nate, yes, I feel loss. It was worse than I had anticipated. It's more than just 'not working', not earning a paycheck. It's the loss of human contact, which I combat with coming here and to another support site. It's the loss of schedule, which I combat by having the dog. It's the loss of accomplishment, which I combat with my garden regardless of season.
I feel anger. That my 'plan' for my life was side tracked. That some people look at me as though I were a 'leech' on society. My disability is not 'visable'. Most of my scars get covered by clothing. But, I get angry about them. I get angry with my limitations. I get angry with the lawyers and the insurance companies, etc. I get angry with the doctors that treat me like a 'drug seeker'.
It's what to do with that anger? If I internalize it, I get depressed. If I don't direct it properly, it damages relationships. I've learned that I have a choice about it. I direct it into cleaning. My house is never so clean as when I am pissed off about something!
I'm bigger than my pain. Bigger than my limitations. I can become very creative when I must find a way to get something done when there seems no way.
For me, it's all about the choices I DO have. I did not choose to have injuries. I did not get to choose my surgeons. I did not get to choose which type of surgery to have. I can, however, choose whether or not to get dressed today. Whether or not to leave the house today. (I'm choosing to stay in because it is bitter cold out!) I can choose to shower or not. To eat or not. To watch tv or sleep or post. I can choose to let go of the anger, if only for a moment. I can choose to focus on what I Have and not what I have lost.
It's all there, for sure. Just how much attention I pay to it is up to me.
Thank you Pitmom, you understand what I was bringing up. I too find some ways to combat my feeling of loss every day, but I was wondering about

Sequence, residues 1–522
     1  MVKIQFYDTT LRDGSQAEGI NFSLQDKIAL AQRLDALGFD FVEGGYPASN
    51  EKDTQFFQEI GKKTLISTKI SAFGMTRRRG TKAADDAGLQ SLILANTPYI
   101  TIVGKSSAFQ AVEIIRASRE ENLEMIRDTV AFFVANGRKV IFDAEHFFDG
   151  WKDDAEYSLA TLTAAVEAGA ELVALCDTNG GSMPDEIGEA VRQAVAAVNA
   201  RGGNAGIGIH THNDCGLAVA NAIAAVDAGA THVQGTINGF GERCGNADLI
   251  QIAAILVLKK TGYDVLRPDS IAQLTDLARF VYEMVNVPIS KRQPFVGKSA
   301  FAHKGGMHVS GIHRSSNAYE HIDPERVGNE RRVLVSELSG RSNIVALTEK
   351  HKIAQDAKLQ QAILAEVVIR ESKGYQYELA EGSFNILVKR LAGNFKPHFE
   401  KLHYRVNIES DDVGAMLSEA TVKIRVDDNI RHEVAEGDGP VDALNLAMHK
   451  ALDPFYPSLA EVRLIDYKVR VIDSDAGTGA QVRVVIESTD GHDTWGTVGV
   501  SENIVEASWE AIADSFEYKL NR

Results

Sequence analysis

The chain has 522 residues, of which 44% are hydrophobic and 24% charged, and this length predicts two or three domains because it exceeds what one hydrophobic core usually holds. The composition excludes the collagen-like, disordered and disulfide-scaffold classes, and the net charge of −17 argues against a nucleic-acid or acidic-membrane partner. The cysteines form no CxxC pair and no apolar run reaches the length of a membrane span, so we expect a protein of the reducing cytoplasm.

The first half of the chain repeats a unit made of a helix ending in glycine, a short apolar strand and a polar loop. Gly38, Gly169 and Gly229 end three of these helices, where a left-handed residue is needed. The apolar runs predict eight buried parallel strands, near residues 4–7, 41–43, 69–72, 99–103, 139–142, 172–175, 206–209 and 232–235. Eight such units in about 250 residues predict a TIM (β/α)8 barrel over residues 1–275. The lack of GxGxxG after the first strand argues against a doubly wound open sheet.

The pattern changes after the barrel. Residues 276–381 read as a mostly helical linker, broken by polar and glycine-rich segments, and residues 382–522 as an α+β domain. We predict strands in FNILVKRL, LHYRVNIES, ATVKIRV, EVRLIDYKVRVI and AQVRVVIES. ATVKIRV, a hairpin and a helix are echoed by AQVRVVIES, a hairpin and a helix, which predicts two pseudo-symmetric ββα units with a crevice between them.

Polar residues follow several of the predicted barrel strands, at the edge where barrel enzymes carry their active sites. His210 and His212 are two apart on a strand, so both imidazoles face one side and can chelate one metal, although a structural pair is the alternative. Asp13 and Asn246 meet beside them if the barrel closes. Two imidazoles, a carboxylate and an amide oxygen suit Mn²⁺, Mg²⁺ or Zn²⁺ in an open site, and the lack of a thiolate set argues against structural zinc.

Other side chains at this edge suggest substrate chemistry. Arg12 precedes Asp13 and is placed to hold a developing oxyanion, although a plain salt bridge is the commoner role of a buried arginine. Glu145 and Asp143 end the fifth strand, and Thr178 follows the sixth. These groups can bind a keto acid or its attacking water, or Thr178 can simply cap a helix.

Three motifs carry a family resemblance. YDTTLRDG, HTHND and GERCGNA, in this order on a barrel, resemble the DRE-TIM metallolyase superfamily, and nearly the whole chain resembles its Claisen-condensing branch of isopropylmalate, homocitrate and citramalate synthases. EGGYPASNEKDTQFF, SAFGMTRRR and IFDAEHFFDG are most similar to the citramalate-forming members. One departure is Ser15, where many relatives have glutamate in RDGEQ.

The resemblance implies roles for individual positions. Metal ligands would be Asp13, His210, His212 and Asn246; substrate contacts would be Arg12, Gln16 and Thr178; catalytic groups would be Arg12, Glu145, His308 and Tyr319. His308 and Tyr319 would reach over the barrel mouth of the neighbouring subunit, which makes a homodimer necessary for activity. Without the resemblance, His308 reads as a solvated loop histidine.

the feeling that still keeps surfacing, no matter how much you do the best you can.
I've gone through my entire life not feeling bigger than my pain, because as a child, I had no power to decide what I would or would not be put through. Parents and doctors constantly told me that it was 'to help me', but every procedure only led to more complications, and it was all so much more humiliating and painful than helpful, and it did terrible prolonged damage to my sense of self, something that, as my parents finally told me, no-one took the time to think through. It was a case of the costs being way, way more than the benefits (yes, even more than the benefit of survival).
Now I am at the age where I can take control, but I've felt so powerless for so long that it's very difficult. Also, as you pointed out, the loss of human interaction can be devastating. In early elementary school, I was teased by both other kids and by adults for being small, jaundiced, and weak, and what it led to was me cutting myself off from peers entirely until late high school. I had a couple of good years after that, but then the pain and bodily troubles began all over again, so I feel I never went through the usual developments that a young person does, and now I'm trying to claw my way back to some measure of health all over again.
At what point, when do you get to say "enough of this!"